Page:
In today’s Christmas Eve edition, the New York Times‘s editors have given nearly half a page to nuclear hawk Alan J. Kuperman to make a lengthy (and extremely misleading) argument that the U.S. should bomb nuclear facilities in Iran.
Is this our Happy Christmas gift from the NYT?
We have reached the point where air strikes are the only plausible option with any prospect of preventing Iran’s acquisition of nuclear weapons. Postponing military action merely provides Iran a window to expand, disperse and harden its nuclear facilities against attack. The sooner the United States takes action, the better.
Kuperman takes for granted that Iran is pursuing the acquisition of nuclear weapons, though this claim has never been made by the responsible authorities at the International Atomic Energy Agency. But that is not the only way in which his article is misleading, inaccurate, and/or grossly irresponsible.
He does, in an extremely cavalier fashion, write that,
As for knocking out its nuclear plants, admittedly, aerial bombing might not work. Some Iranian facilities are buried too deeply to destroy from the air. There may also be sites that American intelligence is unaware of. And military action could backfire in various ways, including by undermining Iran’s political opposition, accelerating the bomb program or provoking retaliation against American forces and allies in the region.
But despite those risks, he then rushes to assure readers that,
history suggests that military strikes could work. [He cites the precedent of Israel's 1981 strike on Iraq's Osirak reactor, though noting that it did not immediately end Saddam's nuclear weapons project...] Analogously, Iran’s atomic sites might need to be bombed more than once to persuade Tehran to abandon its pursuit of nuclear weapons.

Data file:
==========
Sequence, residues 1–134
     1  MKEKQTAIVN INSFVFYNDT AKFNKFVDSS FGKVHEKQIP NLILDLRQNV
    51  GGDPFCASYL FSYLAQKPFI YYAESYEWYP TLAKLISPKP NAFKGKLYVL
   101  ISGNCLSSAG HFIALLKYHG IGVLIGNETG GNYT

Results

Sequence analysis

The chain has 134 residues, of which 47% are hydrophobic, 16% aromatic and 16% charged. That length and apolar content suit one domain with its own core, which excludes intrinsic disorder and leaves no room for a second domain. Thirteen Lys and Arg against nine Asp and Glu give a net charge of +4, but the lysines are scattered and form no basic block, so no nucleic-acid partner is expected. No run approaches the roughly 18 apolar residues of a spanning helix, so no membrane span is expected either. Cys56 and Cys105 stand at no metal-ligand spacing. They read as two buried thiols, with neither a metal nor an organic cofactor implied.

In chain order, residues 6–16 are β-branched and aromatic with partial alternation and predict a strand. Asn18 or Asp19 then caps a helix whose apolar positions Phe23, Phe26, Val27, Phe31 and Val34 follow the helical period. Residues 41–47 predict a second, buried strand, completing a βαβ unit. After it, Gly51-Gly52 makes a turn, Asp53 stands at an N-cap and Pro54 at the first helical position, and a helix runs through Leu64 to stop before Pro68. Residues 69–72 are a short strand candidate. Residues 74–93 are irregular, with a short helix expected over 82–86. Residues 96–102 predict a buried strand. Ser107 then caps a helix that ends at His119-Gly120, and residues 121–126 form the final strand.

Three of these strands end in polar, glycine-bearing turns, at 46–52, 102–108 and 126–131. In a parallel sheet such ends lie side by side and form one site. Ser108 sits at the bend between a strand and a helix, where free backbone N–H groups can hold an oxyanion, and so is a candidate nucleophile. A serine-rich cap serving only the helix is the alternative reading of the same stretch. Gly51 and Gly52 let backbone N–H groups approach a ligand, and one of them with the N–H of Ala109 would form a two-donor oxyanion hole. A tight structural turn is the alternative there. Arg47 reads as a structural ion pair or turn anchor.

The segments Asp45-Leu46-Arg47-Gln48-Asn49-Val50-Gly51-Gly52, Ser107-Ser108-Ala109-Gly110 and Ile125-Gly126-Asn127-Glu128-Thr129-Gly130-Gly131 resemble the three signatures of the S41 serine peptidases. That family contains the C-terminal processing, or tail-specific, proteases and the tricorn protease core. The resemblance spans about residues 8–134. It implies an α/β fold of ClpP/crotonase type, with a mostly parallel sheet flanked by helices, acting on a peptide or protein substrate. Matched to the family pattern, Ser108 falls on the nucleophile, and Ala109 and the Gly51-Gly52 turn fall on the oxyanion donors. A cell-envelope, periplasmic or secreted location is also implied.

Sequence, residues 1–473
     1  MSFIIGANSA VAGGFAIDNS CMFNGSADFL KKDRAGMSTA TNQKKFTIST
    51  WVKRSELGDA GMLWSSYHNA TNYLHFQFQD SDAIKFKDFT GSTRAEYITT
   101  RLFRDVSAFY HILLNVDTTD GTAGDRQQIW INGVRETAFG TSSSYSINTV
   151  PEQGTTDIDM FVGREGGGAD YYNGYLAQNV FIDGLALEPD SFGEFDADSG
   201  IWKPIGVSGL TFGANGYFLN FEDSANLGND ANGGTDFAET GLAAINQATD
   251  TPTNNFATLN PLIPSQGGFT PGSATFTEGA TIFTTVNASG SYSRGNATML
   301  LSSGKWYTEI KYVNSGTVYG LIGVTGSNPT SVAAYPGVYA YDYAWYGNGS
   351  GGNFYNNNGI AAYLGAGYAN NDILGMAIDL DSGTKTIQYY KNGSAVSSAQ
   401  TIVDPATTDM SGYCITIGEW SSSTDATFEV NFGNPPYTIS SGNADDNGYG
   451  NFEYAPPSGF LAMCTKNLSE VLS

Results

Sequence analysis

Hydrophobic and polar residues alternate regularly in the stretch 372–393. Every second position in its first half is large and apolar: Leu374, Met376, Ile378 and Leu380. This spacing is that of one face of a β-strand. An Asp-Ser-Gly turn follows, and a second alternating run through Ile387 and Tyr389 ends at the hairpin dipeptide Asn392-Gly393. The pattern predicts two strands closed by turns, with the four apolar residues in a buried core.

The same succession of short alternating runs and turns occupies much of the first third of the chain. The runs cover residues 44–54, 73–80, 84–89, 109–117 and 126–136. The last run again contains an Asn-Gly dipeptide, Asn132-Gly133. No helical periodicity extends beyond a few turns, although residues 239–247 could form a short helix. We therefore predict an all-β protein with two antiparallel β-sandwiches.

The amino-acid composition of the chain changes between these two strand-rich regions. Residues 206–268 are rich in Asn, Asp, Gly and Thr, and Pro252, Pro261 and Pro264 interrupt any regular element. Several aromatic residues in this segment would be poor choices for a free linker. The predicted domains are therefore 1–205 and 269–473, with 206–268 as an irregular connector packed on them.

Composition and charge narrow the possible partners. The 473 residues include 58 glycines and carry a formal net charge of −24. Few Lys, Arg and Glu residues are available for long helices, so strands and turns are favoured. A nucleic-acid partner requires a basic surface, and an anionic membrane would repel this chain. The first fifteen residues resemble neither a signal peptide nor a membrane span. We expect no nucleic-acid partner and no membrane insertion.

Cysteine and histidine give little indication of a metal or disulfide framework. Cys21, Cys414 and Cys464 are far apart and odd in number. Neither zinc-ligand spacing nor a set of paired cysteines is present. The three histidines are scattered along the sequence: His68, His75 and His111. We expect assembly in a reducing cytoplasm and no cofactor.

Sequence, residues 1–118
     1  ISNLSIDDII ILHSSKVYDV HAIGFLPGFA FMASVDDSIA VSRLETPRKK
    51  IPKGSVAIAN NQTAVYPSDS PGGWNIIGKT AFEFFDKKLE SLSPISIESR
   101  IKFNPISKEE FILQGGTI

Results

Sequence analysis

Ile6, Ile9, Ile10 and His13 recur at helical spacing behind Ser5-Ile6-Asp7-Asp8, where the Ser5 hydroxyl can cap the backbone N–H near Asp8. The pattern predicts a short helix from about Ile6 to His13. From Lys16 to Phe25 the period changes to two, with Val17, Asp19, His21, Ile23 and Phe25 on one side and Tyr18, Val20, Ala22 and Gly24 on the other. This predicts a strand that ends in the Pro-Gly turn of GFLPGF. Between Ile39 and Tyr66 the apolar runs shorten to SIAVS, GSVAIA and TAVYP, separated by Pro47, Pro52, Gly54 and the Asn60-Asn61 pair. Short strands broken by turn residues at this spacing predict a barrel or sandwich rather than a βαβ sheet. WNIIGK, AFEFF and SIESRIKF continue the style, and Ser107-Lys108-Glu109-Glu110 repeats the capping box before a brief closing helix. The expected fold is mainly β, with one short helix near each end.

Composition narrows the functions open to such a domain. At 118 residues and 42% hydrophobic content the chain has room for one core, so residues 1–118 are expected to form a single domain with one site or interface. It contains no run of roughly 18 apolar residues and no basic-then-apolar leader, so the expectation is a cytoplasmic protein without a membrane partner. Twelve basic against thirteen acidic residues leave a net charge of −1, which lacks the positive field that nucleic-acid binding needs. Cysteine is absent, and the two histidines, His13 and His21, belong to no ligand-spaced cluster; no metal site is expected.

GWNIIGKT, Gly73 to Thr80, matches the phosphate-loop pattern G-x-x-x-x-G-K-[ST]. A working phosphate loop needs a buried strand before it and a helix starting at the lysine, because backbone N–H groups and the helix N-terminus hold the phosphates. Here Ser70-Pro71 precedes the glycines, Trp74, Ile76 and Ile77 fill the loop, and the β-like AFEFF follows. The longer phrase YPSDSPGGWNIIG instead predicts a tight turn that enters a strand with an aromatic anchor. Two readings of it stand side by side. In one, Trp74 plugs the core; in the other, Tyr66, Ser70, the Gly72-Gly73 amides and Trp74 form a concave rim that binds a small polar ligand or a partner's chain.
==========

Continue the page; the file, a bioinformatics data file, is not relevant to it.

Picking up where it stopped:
As for the risk of military strikes undermining Iran’s opposition, history suggests that the effect would be temporary. For example, NATO’s 1999 air campaign against Yugoslavia briefly bolstered support for President Slobodan Milosevic, but a democratic opposition ousted him the next year.
Yes, Iran could retaliate by aiding America’s opponents in Iraq and Afghanistan, but it does that anyway. Iran’s leaders are discouraged from taking more aggressive action against United States forces — and should continue to be — by the fear of provoking a stronger American counter-escalation. If nothing else, the wars in Iraq and Afghanistan have shown that the United States military can oust regimes in weeks if it wants to.
Let’s just look at the last two of those claims I underlined.
Firstly, where is the evidence that Iran is currently, as he claims, “aiding America’s opponents in Iraq and Afghanistan”? There is none. In fact, in both Iraq and Afghanistan, the US and Iran are currently both acting on behalf of the same local forces– and against the same local forces– rather than confronting each other.
If the Tehran regime chose to take actions to oppose the U.S. mission or deployment in either country, the effects on the lives of American service members would be dire, indeed. Thus far, it has not. Kuperman, quite simply, either does not know what he’s writing about here– or else, he knows what’s talking about and is consciously lying to his readers.
Secondly, his argument that U.S. “can oust regimes in weeks if it wants to” (and therefore, that it could and should do so in Iran). Once again here, the guy betrays his gross ignorance and/or mendacity.
In both Iraq and Afghanistan, Washington’s wars of forced regime change were made possible only because of the Iranian government’s active cooperation in the project– as James Dobbins, Hillary Mann Leverett, and numerous other former administration insiders have made abundantly clear.